Online Martin Weidmann

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it's handling at the time was not high priority.

Really?

So, your position is that individual officers got to decide which pieces of evidence were "high priority" or not?



Yes.


Amazing.

So, how does this work exactly when a piece of evidence not deemed to be high priority suddenly becomes extremely significant? There is no chain of custody, so how do you make that piece of evidence "high priority" again?


They are not ambiguous at all. The jacket was readily identifiable. In fact, the detail that made it readily identifiable was called in to Radio Dispatch very shortly after the jacket was discovered. The officials weren't disoriented. It's just that the jacket itself was not a crime scene. It was a jacket. They had bigger things on their plate. They had a cop killer to apprehend.


Tim, a stapled on dry-cleaning label (which could not be linked to a dry-cleaner anywhere in the greater Dallas and New Orleans area) doesn't make the jacket it is stapled on to "readily identifiable". It just means that label was possibly attached to the white jacket found at the parking.

Offline Matt Grantham

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They are not ambiguous at all. The jacket was readily identifiable. In fact, the detail that made it readily identifiable was called in to Radio Dispatch very shortly after the jacket was discovered. The officials weren't disoriented. It's just that the jacket itself was not a crime scene. It was a jacket. They had bigger things on their plate. They had a cop killer to apprehend.


 Details is in the context of by whom and through what circumstances was the jacket, and wallet found found rather than anything pertaining to the jacket and wallet as distinct items No one suggested they make reports in the middle of this rather that they would not remember the events and make them a priority after catching Oswald is what is being addressed Lets add on the fact that Westbrook was ever able to mention that he is the person who drove Oswald from the TT back to the police station according to the Dallas reporter that was with him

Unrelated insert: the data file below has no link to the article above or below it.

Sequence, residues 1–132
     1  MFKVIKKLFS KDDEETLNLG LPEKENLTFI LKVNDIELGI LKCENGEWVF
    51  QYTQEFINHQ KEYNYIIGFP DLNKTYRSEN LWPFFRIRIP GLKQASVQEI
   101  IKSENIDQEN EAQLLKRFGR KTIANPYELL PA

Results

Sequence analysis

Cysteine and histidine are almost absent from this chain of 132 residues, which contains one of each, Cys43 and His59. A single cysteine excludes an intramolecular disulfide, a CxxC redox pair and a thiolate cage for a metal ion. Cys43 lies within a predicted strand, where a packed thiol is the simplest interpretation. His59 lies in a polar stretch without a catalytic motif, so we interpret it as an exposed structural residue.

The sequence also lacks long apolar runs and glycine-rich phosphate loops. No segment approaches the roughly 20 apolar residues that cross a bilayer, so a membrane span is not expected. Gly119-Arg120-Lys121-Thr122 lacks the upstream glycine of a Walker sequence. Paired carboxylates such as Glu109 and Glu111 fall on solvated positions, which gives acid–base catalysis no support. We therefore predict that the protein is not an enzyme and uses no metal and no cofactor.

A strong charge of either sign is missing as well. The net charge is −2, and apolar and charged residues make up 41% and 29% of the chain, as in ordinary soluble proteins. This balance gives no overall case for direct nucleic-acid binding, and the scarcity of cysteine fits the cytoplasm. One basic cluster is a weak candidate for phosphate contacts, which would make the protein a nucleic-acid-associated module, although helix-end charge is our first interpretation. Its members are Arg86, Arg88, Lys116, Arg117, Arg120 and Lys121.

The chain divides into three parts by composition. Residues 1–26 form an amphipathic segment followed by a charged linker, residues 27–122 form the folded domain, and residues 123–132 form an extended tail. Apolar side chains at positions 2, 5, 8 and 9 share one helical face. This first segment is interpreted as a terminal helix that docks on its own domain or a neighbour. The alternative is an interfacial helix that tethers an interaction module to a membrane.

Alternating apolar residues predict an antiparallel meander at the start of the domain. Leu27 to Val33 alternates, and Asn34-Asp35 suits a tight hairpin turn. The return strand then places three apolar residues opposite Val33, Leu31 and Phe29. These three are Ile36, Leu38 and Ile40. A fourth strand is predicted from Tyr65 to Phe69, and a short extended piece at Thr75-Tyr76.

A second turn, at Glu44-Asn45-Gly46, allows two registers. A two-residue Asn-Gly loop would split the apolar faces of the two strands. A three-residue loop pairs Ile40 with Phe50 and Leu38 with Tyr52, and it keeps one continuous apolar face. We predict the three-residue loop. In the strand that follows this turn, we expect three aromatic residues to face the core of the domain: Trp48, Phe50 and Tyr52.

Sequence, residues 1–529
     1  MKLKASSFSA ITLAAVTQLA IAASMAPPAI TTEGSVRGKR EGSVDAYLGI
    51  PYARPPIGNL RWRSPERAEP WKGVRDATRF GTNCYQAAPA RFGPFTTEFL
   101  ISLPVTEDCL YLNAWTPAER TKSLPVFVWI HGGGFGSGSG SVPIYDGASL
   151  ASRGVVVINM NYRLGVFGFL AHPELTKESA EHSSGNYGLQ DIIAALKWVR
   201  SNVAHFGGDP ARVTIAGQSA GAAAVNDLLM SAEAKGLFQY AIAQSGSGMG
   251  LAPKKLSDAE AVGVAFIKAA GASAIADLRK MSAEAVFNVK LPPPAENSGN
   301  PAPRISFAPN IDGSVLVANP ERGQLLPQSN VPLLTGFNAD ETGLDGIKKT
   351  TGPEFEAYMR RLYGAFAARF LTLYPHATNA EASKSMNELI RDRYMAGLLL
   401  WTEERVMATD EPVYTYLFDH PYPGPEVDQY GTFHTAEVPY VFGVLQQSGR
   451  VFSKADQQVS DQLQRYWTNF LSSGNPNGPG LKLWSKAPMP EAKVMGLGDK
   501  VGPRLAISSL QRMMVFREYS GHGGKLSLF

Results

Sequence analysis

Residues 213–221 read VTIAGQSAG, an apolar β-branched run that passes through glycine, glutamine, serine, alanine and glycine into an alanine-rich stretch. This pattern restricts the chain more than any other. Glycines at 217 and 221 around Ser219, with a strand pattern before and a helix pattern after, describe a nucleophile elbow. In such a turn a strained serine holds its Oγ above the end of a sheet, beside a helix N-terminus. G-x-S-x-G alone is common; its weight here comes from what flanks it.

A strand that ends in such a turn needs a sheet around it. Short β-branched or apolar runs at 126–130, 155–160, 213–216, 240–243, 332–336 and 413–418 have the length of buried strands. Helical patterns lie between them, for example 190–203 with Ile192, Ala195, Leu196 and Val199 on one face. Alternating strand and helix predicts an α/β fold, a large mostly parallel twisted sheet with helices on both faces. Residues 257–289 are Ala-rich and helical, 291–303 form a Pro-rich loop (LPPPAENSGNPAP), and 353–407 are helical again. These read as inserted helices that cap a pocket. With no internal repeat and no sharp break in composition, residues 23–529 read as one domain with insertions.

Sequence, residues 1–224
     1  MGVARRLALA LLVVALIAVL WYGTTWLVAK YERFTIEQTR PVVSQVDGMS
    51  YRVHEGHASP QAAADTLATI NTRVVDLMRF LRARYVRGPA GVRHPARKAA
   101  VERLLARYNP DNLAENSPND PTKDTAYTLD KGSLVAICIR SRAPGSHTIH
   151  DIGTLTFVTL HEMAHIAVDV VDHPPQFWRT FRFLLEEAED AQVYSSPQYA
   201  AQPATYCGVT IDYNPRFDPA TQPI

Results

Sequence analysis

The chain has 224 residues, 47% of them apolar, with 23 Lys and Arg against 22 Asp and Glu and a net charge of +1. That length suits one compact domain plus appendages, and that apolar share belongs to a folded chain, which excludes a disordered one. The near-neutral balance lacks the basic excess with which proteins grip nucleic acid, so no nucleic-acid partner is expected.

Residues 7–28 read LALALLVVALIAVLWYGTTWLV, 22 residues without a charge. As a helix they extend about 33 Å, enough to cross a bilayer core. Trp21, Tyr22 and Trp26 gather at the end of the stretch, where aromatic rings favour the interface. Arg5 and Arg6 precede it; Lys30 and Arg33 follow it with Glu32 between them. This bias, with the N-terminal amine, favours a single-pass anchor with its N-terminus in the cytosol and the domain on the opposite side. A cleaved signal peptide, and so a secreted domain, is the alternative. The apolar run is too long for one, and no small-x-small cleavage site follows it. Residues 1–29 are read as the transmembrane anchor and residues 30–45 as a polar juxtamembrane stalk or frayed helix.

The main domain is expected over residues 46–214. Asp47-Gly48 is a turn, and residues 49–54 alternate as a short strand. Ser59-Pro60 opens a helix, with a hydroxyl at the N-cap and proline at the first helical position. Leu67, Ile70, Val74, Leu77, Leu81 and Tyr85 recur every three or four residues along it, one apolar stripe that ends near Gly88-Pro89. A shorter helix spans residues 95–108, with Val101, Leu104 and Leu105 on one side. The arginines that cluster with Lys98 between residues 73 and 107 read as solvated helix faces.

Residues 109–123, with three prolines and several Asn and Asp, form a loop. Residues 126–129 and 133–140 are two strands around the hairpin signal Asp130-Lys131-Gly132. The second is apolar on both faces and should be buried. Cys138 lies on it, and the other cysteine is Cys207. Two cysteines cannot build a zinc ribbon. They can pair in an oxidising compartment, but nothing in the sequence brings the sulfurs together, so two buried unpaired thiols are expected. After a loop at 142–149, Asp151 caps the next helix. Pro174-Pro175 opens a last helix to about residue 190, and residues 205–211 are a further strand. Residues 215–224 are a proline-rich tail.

« Last Edit: April 13, 2018, 11:32:39 PM by Matt Grantham »

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Offline Brian Walker

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There's no evidence that Oswald wore that particular jacket.


Translation..There is no picture of Oswald wearing the jacket on that day.

Online Walt Cakebread

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Let's not forget the omni present Captain Westbrook, the personnel officer, who happened to be filmed at the Tippit scene looking at a wallet held by a police man and who asked FBI agent Barrett if he had ever heard of Oswald or Hidell.

That same Captain Westbrook then showed up at a parking lot where somebody (he doesn't know who) showed him a jacket under a car. The jacket is described on police radio as being white. He allegedly picks it up and gives it to another officer who he also doesn't know. Then he somehow gets the jacket, which by then amazingly had turned grey, back at the police station (from whom we don't know) where he gives it to the evidence room after first collecting markings from several officers (who were not part of the chain of custody) and forgetting to mark it himself.

That same Captain Westbrook who was too busy moving to the Texas Theater to apparently pay much attention to the jacket, yet who managed to "identify" without any difficulty the jacket in his WC testimony months later...

No, let's not forget Westbrook....

The first one at the very top of my list would be... Gerald Hill.......